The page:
I bought a few weeks ago (finally) an Xbox 360. Looks absolutely stunning on the 133" screen with the Sanyo 720p projector (Z4).
At first I noticed flickering at random times in various games as if the sync was incorrect (which of course annoyed me).
I got another XBOX 360 but same problem. Then knowing it can’t be the cable I bought a VGA cable and the problem is now fixed (plus I get now near perfect color calibration). Not sure if it’s a projector problem but probably (could be also shielding issues with the cables).
I used to use a notebook to watch HD movies on this projector but without surround sound (since there’s only analog out connection on this notebook). The Xbox 360 has digital out so I was curious to find out if I could convert various HD movies (MKV, TS) to WMVHD with surround and then burn it on DVD. It took some trial and error but works now perfect. I also can use the wireless controller to play/stop which is great.
Two ways to convert TS/MKV files to WMVHD:
Now the downside is that I only could get 1-pass modes to work. Reason is that repositioning often doesn’t work and you get audio sync issues in that case. Otherwise this program is very easy to use and 1 pass quality might be acceptable in most cases.
2. Get following programs:
– TMPGENC 4.0 Xpress (there’s a trial and full version cost $99)
– Install MKVExtractGUI and MKV toolnix (to extract the audio stream):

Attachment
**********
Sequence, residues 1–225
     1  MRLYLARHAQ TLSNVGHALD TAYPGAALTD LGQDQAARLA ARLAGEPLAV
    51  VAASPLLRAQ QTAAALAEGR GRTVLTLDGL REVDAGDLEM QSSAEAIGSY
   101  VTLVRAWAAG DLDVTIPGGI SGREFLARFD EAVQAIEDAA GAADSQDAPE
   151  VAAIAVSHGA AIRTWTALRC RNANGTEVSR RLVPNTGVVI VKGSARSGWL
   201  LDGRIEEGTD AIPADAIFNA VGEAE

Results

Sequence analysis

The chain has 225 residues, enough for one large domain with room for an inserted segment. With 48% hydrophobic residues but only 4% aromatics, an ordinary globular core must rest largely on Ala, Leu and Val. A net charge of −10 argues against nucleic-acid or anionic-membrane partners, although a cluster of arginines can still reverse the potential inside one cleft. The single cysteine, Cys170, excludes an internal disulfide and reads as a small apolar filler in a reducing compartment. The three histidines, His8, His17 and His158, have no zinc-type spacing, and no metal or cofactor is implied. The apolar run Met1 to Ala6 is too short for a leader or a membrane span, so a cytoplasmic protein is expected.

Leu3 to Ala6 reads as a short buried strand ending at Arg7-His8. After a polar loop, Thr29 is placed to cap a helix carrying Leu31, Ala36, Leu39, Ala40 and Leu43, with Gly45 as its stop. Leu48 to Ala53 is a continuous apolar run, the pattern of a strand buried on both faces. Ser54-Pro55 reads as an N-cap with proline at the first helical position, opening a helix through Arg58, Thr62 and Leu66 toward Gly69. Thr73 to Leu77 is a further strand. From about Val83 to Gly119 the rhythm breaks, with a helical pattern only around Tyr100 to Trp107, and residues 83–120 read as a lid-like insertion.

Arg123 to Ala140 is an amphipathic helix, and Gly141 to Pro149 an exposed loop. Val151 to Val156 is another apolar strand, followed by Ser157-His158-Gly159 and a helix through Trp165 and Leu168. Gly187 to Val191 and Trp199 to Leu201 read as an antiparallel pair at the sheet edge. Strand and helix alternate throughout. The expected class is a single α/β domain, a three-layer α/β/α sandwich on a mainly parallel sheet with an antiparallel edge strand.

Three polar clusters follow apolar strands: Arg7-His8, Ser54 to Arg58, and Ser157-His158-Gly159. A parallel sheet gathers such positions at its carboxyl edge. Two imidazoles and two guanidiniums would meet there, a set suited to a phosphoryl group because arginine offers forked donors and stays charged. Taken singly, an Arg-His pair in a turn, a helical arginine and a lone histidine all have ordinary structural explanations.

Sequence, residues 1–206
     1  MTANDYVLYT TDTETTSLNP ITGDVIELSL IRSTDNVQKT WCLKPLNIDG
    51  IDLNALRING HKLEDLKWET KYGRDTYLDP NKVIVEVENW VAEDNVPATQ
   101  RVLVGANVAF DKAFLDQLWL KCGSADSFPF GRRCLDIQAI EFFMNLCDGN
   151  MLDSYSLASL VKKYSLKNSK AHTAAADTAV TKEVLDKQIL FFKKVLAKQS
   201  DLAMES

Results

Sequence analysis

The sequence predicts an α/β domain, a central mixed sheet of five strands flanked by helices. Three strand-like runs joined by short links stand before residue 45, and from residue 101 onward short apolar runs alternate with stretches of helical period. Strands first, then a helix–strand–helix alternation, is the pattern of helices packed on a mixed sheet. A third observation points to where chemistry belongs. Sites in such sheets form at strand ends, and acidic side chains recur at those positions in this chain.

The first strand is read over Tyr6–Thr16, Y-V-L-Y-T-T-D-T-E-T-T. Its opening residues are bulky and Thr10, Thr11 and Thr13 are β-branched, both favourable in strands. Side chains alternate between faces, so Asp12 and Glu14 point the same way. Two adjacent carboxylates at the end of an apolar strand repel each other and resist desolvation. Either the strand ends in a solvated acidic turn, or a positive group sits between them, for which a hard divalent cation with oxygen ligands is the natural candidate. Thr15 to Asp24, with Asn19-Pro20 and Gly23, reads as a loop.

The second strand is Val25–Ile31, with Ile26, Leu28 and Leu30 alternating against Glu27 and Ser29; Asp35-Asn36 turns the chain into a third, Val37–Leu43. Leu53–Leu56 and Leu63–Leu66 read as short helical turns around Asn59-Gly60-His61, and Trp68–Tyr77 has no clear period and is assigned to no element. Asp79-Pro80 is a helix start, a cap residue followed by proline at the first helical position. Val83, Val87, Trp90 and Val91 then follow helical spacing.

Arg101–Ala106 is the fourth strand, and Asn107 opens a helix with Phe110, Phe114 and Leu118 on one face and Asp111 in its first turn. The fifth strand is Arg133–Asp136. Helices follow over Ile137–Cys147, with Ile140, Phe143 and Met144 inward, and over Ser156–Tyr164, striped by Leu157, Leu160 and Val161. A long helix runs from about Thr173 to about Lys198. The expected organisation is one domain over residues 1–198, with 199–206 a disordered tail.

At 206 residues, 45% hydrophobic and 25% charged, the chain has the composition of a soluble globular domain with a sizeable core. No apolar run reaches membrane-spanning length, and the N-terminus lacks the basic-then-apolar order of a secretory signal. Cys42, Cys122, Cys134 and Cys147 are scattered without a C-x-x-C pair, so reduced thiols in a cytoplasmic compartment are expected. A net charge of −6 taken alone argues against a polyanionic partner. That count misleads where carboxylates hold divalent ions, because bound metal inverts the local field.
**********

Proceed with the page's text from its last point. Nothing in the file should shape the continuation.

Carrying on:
Following steps are optional but will avoid video & audio sync issues in 2-pass (and MKV):
a. Now extract the audio stream by starting MKVExtactGUI (for mkv files only). Select file and choose the audio stream. Then click ‘Extract’. For ts you can do the same using MEGUI (or try if it works without extracting and following next steps)
b. Create a avisynth script file (e.g. yourMovie.avs and using notepad will do) for the video file. One line (change path/filename):
c. Start TmpGenc Xpress and open the script file you just created. Then choose the audio stream from step a (typically ac3 file)
d. Go to format and choose ‘Windows media video file output’. Then use these settings:
- Choose windows media video 9 advanced profile
- For ‘Size’ you could match original video size. Most HD video’s will look fine in 720p: use 1280 for vertical size (1st number). Then calculate 2nd number with same ratio as source (1280×720 for 16:9). Note higher resolutions may work fine as well with xbox 360 (e.g. 1080p). With latest xbox 360 update I was able to get 12-14M bitrates with 1080i running smoothly. 1080p24 should work fine as well. Downside is that the filesize will be larger. Typically for 1080p I use 12M CBR (either 1 or 2 pass). Below settings for 720p.
- Video Encode type: choose 2 pass (average/peak bit rate).
- Bitrates: use the calculator to calculate max bitrate. I typically go over 100% since 4500MB is the max size for DVD 4.7. So 4400 would still work fine
- For peak bitrate I choose 9000-10000 bps. I haven’t tested yet how much higher you could go but this will work. Typically average will be lower at around 4000-5500 for 2 hour movie.
- You’re done, now go to ‘Encode’ tab and click ‘start’ button on the bottom left
This will take a while so a good tip is to first try a piece within the movie. On a newer duo core CPU it takes typically 10-12 hours for a 100min movie. After it’s done burn the file to a DVD using UDF format. Xbox360 will be able to play these DVD’s. There are also other options to view the file:
- Streaming from PC
- Copy file to USB drive (note you can use MacDrive to format a drive to remove the 4GB file size limitation)